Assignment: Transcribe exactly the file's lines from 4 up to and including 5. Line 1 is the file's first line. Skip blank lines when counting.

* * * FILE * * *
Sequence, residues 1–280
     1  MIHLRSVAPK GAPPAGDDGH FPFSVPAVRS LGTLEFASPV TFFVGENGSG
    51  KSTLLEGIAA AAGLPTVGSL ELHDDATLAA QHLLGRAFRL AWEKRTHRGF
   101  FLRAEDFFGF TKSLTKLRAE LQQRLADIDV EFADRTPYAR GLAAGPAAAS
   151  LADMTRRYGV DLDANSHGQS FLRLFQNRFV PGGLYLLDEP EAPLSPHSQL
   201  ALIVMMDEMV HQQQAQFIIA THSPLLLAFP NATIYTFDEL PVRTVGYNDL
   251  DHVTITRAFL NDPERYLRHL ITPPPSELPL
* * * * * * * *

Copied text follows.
   101  FLRAEDFFGF TKSLTKLRAE LQQRLADIDV EFADRTPYAR GLAAGPAAAS
   151  LADMTRRYGV DLDANSHGQS FLRLFQNRFV PGGLYLLDEP EAPLSPHSQL